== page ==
Riemer’s job was to closely examine each of these witnesses and their testimonies, including anything they said outside of their original statements. Riemer first called attention to the two store clerks. “They described a woman who was very young, tall and extremely skinny, but they never picked anybody out of the lineup or anything.” Although Keen-Warren matched the description for someone that was very young and skinny, she was anything but tall. In fact, considering that this store was the only one in the area to sell the type of balloon found at the crime scene, it seemed odd that they wouldn’t show the store clerks a lineup, but instead only went off the description.

Riemer then took an in-depth look at the two costume shop owners—having quite a bit of an “off-feeling” about them. “I think these ladies might have been in it for the publicity,” Riemer theorizes. He goes on to say that the two women were often on the news, spouting the story of Keen-Warren who came in just before closing to get the costume. Even though they originally said they couldn’t tell if whomever was purchasing the costume was a man or a woman, they remembered they were tall—again, conflicting with Keen-Warren’s actual description.

However, when shown a lineup, the two women both pointed to Keen-Warren, but Riemer says that isn’t as cut and dry as everyone makes it out to be. “Back then, sometimes cops would [put] their thumb on the picture that they want you to point to while they’re holding up a lineup,” Riemer explains. While it isn’t clear whether or not that happened in this case, Riemer iterates that at this point in time, DNA evidence wasn’t as available and as perfected as what it is today, which is why many cops use this technique to get a case solved. It could be a potential explanation as to why they might have pointed her out.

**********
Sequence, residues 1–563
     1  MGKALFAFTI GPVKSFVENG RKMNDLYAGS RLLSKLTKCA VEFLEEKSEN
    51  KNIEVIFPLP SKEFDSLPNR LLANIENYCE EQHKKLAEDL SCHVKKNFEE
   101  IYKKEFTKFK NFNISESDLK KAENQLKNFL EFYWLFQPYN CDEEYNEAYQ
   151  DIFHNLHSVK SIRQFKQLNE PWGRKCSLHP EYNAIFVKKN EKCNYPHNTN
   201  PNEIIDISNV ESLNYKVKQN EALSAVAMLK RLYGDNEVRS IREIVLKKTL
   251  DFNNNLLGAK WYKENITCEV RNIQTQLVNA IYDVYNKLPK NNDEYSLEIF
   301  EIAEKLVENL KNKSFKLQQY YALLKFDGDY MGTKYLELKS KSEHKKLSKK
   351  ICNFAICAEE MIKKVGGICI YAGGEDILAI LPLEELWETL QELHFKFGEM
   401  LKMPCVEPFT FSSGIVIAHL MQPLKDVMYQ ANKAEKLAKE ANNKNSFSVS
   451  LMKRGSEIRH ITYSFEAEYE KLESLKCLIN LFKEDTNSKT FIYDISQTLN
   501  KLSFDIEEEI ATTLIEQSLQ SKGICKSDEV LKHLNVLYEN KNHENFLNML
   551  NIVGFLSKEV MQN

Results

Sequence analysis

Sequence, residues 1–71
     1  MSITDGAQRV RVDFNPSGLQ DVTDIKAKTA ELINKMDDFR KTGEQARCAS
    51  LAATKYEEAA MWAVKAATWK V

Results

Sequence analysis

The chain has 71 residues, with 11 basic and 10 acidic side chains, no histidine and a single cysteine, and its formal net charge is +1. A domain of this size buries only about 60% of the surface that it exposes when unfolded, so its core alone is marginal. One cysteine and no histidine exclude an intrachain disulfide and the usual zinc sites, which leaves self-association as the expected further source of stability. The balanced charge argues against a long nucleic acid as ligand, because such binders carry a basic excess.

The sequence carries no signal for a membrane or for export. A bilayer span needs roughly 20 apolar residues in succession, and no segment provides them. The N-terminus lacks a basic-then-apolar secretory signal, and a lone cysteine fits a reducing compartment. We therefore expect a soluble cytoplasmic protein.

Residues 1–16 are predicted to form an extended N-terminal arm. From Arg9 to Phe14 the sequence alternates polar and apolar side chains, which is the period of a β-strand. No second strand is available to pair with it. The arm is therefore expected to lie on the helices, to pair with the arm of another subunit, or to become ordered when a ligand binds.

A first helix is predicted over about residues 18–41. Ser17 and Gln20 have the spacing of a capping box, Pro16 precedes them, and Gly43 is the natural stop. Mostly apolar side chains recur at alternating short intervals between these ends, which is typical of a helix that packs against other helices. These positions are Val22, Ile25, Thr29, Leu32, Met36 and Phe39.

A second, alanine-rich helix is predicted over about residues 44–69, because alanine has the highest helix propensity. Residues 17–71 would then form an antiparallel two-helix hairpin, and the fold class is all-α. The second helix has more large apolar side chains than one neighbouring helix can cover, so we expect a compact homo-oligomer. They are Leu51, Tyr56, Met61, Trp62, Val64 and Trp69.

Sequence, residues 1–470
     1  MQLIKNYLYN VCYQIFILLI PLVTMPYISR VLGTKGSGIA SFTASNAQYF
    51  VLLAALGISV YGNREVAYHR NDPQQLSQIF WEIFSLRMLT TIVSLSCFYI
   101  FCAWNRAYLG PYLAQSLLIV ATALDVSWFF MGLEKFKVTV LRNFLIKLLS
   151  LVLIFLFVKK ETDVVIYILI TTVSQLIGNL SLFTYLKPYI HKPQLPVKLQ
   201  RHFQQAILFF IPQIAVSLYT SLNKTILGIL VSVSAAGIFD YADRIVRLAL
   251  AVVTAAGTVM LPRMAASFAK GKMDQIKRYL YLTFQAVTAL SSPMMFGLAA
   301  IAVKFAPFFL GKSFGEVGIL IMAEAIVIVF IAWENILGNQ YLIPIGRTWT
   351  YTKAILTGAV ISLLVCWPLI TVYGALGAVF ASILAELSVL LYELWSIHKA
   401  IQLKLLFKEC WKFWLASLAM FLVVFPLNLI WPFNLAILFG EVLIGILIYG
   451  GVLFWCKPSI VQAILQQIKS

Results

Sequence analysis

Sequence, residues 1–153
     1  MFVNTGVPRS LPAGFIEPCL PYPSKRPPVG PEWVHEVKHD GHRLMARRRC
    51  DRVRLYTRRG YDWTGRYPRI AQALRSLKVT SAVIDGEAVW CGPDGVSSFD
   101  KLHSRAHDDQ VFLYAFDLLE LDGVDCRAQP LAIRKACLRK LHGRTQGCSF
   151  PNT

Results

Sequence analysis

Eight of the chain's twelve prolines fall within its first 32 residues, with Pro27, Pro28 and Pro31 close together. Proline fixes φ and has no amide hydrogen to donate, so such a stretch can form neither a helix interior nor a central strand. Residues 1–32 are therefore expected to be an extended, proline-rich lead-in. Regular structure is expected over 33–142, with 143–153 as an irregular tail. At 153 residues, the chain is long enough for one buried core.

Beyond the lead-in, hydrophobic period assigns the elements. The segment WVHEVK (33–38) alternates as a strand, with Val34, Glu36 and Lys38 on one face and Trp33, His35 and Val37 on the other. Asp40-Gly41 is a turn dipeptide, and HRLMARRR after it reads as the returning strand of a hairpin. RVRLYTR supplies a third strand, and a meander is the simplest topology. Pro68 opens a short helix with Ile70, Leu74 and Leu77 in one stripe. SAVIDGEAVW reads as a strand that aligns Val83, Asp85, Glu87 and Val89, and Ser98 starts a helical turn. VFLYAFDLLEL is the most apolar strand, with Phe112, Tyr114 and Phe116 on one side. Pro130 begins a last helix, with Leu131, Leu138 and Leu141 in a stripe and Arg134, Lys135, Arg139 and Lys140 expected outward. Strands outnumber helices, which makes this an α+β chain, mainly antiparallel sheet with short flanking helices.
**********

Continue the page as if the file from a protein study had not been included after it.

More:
Finally, Riemer investigated every claim Warren’s son, Joe Ahrens, had made about the killer clown. In Ahrens’ original statement, he said that the clown was about six feet tall, seemed to be a man, and had “man-like” hands. Hardly fitting of Keen-Warren’s description. His girlfriend Jean Platt was also certain that the killer had light blue eyes. In the early days of the murder investigation, “Ahrens was adamant in a radio interview that the killer had blue eyes, not brown,” Riemer tells us. Meaning Ahrens had two conflicting recollections—not making him the most reliable witness.

In fact, according to the Constitutional Rights Foundation, “Studies have shown that mistaken eyewitness testimony accounts for about half of all wrongful convictions. Researchers at Ohio State University examined hundreds of wrongful convictions and determined that roughly 52 percent of the errors resulted from eyewitness mistakes.” The fact that the prosecution relied so heavily on eyewitness testimony is troublesome and was something Riemer wanted to address in his findings.